Liverpool Football Club not only brings solace to its home city through its game, it has also set up a red neighbours scheme, a breakfast club for disadvantaged children and space in the Kenny Dalglish stand for school and charity events.
In England’s grey cities of the north, the past is often recalled in sombre tones as the tale of one misfortune after another. In the streets that border Liverpool’s foggy quays and redbrick houses, the story is no different. When Jurgen Klopp’s Liverpool team took to the field against Real Madrid in the Champions League Final this May, they did so as representatives of a city in which poverty levels have improved only marginally since the Reds last beat Real in a European Cup final in 1981. Eleven of the city’s neighbourhoods are among the most deprived one per cent in the country. In Anfield, fortythree per cent of children live in poverty.
With his grizzly warmth and booming laughter, the fun and pleasure that flows through Jurgen Klopp’s body and onto the Anfield pitch is the tonic a city needs. As the academic John Bennett has shown, football and theatre have long blurred into one on the stony banks of Liverpool’s Mersey River — the earliest plays here integrating scenes from famous games to attract football fans. With his pyrotechnic, frenzied football laced with pace, flair and no shortage of theatre, Klopp has transformed Anfield into a stadium apt for any dramatic staging.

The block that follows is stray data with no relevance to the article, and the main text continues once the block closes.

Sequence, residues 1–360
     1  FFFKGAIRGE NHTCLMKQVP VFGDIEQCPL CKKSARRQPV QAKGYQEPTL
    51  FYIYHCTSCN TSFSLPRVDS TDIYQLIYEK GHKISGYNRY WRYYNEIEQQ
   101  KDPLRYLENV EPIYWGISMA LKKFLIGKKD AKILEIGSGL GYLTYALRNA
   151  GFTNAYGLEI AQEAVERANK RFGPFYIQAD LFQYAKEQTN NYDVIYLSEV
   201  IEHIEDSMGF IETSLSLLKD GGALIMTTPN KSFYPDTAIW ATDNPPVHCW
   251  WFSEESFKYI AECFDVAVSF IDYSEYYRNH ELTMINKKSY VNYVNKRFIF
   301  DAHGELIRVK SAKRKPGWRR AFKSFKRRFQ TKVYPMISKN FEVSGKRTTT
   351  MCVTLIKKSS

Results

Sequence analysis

The man from Stuttgart represents nothing less than a nostalgic comfort blanket for a population in search of lost glory. As in the stands, Liverpool fans have thrown back the years by transforming a 1985 Italian disco tune into ‘Allez, Allez, Allez,’ the chant that soundtracked last season’s run to the Champions League final, on the pitch Klopp’s team has transported a city back to the glory of the 1980s. These were simpler, more innocent times for any Liverpool fan. It was an era in which the Reds ruled Europe and, in the words of the American poet Allen Ginsburg, to be Liverpudlian was to “feel like you were at the centre of the universe.”
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